In September 1902 part of the Thornton's Maungakawa Hill property was sold to the government for the sum of £4000 and they established the first open air sanatorium for Tuberculosus sufferers in New Zealand. The Thornton home was now officially called Te Waikato Sanatorium.
"It is difficult to imagine more magnificent scenery", said Dr Malcolm Mason M D, Chief Health Officer when reporting the results of his investigation to the Health Department.
Cambridge had already acquired the reputation as a resort for T B sufferers and a sanatorium operated at the foot of the Maungakawa hill. It was stated that the climate in Cambridge was much drier than in most parts of the North Island and meteorological instruments were installed to assess data.
The road, at the cost of £3000 had to be upgraded. Ruts and holes had to be levelled and bound with gravel and clay, and three of the worst hills were cut down.
Although the house was large, two more wings were added and converted into the administration block. Oil lamps were used at first but later replaced by electricity generated on the property. The water supply presented some difficulty at first but the government built a reservoir on top of a hill 40 feet higher than the sanatorium.
Opened on 11 December 1903 by Sir Joseph Ward, Te Waikato supplied a very desperate need in New Zealand and many sufferers saw their salvation in the opening of its doors. The Department of Health was besieged with applications. The treatment and facilities offered at Maungakawa were particularly suited to the treatment of early cases. One regulation made six months the limit of treatment, except under special circumstances. At the time of opening there was space for about thirty patients but it was obvious from the number of applications that this was inadequate. Further additions gave accommodation for over 60 patients with possibly some 160 later undergoing treatment annually.
So pressing were the demands of the applicants that the first patients were admitted in December 1902 (twelve months before the hospital was officially opened) and were forced to be housed in tents pending the erection of wooden shelters. The one-bed shelters (11' x 9') could be opened on three sides, were roofed in stained shingle, and one of them revolved so it could be turned away from prevailing winds.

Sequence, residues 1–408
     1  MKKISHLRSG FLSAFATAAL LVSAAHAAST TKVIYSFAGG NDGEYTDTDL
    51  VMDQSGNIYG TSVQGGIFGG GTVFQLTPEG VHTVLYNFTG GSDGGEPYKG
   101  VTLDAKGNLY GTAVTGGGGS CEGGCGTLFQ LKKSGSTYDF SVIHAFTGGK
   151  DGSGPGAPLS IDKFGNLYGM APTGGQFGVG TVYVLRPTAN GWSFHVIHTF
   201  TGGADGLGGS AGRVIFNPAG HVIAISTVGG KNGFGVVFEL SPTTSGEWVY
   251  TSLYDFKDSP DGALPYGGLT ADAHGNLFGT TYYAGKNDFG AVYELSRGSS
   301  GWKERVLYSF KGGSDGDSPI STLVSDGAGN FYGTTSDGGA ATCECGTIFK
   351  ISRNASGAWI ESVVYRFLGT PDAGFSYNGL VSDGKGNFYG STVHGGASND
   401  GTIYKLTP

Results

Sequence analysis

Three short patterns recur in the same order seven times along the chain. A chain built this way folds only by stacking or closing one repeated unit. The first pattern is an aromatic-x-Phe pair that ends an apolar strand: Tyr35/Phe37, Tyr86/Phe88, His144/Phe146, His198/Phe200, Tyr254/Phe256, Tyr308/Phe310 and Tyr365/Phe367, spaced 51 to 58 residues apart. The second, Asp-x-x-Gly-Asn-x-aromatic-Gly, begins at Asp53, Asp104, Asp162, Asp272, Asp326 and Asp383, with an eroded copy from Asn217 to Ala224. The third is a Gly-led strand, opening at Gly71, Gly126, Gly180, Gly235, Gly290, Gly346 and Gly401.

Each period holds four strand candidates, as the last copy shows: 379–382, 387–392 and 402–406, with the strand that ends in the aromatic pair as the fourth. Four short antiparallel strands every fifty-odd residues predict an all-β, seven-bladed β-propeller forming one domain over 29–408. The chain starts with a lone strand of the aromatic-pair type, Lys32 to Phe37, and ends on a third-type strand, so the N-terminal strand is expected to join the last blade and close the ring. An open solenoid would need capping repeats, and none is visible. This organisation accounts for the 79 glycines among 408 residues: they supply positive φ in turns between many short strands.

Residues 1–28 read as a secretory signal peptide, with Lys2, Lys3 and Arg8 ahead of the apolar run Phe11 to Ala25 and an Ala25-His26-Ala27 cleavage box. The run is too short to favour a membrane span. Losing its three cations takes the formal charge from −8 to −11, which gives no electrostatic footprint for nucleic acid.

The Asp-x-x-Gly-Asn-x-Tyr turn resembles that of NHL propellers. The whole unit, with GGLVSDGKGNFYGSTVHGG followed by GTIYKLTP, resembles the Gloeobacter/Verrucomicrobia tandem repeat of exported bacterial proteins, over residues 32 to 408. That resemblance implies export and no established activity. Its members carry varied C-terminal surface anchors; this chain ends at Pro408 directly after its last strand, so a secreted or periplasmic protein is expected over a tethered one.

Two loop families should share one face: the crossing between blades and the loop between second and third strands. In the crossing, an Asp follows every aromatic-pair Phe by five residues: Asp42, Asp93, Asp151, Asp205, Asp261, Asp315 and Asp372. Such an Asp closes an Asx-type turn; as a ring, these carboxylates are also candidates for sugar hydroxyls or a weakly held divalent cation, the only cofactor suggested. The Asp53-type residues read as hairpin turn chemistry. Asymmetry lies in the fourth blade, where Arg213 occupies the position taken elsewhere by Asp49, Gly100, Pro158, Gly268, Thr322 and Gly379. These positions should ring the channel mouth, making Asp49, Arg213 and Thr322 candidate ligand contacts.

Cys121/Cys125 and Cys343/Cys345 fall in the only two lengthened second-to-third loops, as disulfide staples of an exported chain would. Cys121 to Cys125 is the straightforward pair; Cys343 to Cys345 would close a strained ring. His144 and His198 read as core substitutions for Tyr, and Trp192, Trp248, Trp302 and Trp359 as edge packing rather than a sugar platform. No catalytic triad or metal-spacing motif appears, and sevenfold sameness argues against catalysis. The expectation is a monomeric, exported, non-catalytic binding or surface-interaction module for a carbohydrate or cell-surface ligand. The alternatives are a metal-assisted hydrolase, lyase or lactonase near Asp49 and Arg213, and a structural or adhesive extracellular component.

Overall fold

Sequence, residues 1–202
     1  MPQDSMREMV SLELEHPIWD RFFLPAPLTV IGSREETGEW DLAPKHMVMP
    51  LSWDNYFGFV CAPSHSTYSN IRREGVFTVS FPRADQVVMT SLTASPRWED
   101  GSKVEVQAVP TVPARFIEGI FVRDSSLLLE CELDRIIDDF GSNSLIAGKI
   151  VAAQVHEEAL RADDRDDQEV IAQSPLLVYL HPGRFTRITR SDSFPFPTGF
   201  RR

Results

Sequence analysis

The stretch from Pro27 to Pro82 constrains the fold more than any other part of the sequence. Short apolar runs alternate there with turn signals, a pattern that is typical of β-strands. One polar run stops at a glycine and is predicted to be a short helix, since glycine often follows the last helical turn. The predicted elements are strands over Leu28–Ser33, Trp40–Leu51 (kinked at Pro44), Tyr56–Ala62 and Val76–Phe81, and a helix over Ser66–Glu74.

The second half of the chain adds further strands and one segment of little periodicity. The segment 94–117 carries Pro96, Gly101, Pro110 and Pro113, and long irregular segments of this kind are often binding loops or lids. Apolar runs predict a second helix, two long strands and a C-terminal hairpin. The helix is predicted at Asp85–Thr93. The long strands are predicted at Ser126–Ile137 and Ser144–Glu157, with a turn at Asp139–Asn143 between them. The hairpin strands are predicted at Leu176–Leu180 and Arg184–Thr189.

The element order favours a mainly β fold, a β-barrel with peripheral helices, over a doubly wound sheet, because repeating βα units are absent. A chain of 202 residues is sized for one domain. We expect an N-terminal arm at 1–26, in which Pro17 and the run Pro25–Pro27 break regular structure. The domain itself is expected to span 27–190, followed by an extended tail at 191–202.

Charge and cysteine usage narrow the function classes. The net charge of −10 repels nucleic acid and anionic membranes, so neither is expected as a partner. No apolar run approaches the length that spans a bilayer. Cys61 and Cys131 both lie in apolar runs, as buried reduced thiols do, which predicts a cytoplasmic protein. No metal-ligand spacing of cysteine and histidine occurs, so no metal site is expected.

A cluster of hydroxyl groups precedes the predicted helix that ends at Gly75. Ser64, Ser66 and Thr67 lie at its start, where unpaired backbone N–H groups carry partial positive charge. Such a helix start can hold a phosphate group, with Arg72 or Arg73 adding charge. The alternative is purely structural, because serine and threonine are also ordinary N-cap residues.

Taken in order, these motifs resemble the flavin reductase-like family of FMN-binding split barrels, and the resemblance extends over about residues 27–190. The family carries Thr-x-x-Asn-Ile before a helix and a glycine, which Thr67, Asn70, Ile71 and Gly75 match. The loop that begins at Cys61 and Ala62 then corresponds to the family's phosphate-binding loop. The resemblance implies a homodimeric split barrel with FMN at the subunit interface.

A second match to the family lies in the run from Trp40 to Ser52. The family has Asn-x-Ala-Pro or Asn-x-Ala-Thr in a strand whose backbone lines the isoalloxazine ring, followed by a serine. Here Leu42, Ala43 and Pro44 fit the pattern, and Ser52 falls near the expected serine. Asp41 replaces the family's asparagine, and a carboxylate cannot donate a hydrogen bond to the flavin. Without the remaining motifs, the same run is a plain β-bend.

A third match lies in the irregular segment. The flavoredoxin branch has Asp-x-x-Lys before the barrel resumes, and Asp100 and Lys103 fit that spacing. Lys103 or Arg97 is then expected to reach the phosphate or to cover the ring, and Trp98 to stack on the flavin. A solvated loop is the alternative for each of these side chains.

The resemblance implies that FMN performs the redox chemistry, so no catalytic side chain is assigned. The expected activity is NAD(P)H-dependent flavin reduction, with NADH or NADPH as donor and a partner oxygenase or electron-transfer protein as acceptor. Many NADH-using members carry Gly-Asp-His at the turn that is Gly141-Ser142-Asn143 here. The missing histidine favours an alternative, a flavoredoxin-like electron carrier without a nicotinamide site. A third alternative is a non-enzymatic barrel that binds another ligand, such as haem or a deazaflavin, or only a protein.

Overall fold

The Matron, Miss Annie Rochfort's experience and foresight had been invaluable. In addition to the ordinary work of nursing and housekeeping, she organised the internal economy, furnishing, bookkeeping, correspondence and supervising the garden and farming operations. Miss Rochfort introduced handcrafts to her patients - now occupational therapy. Later a house steward was appointed to carry out the day-to-day running, and Mr Clifton saw to the dairying side of operations. Patients who were fit to work helped to build a workshop for themselves from which they turned out many useful articles. Beehives and nest boxes were made in the workshop from kerosene cases, as well as general maintenance to furniture.
The first medical officer, Dr Roberts of Cambridge, was distinguished for his unselfish and conscientious devotion to the needs of the sanatorium. He attended there in conjunction with his private practice in town and a great toll was made on his time. For this reason Dr Penreath replaced him in April 1904 as the first resident Medical Superintendent. A house was built for him a ¼ of a mile from the sanatorium.
During World War One (1914-1918) Te Waikato filled a desperate need in the Waikato to convalescent servicemen. To simplify administration the Cambridge sanatorium (100 beds) was restricted to male patients, and the Otaki Sanatorium (34 beds) to female patients.
Occupational therapy continued to be used with great success under Matron E Brown, and Colonel G M Scott the medical officer. Many old diggers recall the good deeds of the "marvellous Cambridge ladies". The cardigans and socks they knitted, the baskets of fruit and in particular the 'strawberry days'. Cambridge people did much in relieving the monotony and isolation of the patients by organising concert parties.
In 1922 'Te Waikato' closed its doors. The reasons for the closure were :-
- Difficulty of access and unsuitability of site.
- The buildings were out of date and would cost too much to upgrade.
- The Department's officers expressed themselves as "rather against sanatorium treatment".
- The cost of running was excessive.
In the Waikato Times 9 June 1922 J R Fow and Co Ltd listed the items put up for auction at the Cambridge Sanatorium. Included were - 1 two-storey house containing 25 rooms with large verandahs. A large number of hutments 11' x 9' and 33' x 11'. An electric light plant, kerosene engines, implements and vehicles from a nine seat coach, a konaki, a pig cart to horse clippers, covers and farm tools. 1000 lots of furniture including some very old English bedroom furniture, 50 hospital beds, 100 chairs, wheelbarrows, 6 colonies of bees and commodes.
The Russell Ward and four large shelters were removed and re-erected to form the Sunshine Ward at the Waikato Hospital.
The band rotunda is also in the Waikato Hospital grounds.
Now only one small concrete building is left from Te Waikato Sanatorium on the hill.
Researched and written by Eris Parker
Ref: Cambridge Museum Archives